Registered Historic Landmarks in Tazewell County


The following are the Tazewell County entries in the book, published by the Virginia Department of Historic Resources, which describes every state- and federally-recognized historic landmark in Virginia. Since the last edition was published, three new landmark properties have been approved: Tazewell Historic District, Town of Tazewell, 12/5/01, Walter McDonald Sanders House, Bluefield, 9/11/02; and the Captain James Moore Homestead and Archaeological Site, Abbs Valley, 9/11/02.

Big Crab Orchard Historical and Archaeological Complex:
Pisgah Vicinity Patented in 1750, the Crab Orchard site was one of the first European settlements in Southwest Virginia. Parts of the tract were later owned by Morris Griffith and William Ingles an then acquired by Thomas Witten Sr., who settled here ca. 1768 (92-13)

Bull Thistle Cave Archaeological Site:
Tazewell vicinity The Bull Thistle Cave holds an undisturbed archaeological deposit containing human remains and artifacts relating to its use as place of burial during the latter half of the Late Woodland period(ca. AD 1300-1700). It is likely that the cave also contains intact deposits useful for determining the prehistoric environment of the period. (92-22)

Burke’s Garden Central Church and Cemetery:
Burke’s Garden Settlers of German origin migrated from Pennsylvania to Southwestern Virginia in the late 18th century, settling in Burke’s Garden, a bowl-shaped valley atop Garden Mountain, now the Burke’s Garden Rural Historic District. Here the Central Church and is cemetery were established in the late 1820s. The cemetery is studded with German-style grave markers dating from the 1830s. The present wood-frame church was built in 1875 to replace the original 1820s. building. (92-14)

Burke’s Garden Rural Historic District:
Encompassing nearly forty square miles, Burke’s Garden is a topographically unique elongated basin rimmed entirely by Garden Mountain, a continuous mountain system which protects the area from modern intrusion. Originally surveyed by James Burke in the mid-18th century, the first permanent settlement took place here in the late 18th century by German Lutherans. (92-20)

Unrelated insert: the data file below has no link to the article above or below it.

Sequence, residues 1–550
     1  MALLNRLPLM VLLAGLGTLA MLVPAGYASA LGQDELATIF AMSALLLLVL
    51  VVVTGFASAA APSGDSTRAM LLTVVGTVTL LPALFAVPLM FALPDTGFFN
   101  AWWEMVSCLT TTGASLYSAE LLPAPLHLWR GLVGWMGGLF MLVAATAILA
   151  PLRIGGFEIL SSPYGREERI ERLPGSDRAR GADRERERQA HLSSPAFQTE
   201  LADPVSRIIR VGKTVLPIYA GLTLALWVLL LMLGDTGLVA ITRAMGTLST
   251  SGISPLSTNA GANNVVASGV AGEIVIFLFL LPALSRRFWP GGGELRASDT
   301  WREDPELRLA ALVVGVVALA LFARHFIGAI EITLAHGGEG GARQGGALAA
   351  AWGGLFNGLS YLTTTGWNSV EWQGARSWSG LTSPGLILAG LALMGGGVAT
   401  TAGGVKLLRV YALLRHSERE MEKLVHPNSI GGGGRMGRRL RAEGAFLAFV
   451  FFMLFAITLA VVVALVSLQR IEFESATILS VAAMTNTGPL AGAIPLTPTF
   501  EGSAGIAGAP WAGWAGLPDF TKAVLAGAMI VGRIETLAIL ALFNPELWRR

Chimney Rock Farm:
Witten Valley Chimney Rock Farm, also known as the Willows, is a strikingly sophisticated example of the three-part Palladian-type house in Southwest Virginia. On the west fork of Plum Creek, in the shadow of a wooded mountain range, the house was built ca. 1843 for Maj. Harvey George, a lawyer and farmer who served as a delegate to the General Assembly during the Civil War. (92-03)

Clinch Valley Roller Mills:
Cedar Bluff The Clinch Valley Roller Mills is one of the oldest and most significant structures in Tazewell County. The mill was originally built in the late 1850s and was probably rebuilt after an 1884 fire. Expanded several times over subsequent decades, the complex at first operated as one of a group of grain, lumber, and woolen mills clustered along the Clinch River. As altered in 1896, it became one of the region’s largest producers of patent, high-grade flour. (92-17)

Indian Paintings Prehistoric Site:
Cove vicinity These pictographs are on a rock face high on Paint Lick Mountain. Stretched in a horizontal line along the irregular exposure is a series of simple images representing thunderbirds, human figures, deer, arrows, trees, and the sun, all painted in a red medium using iron oxide. (92-07)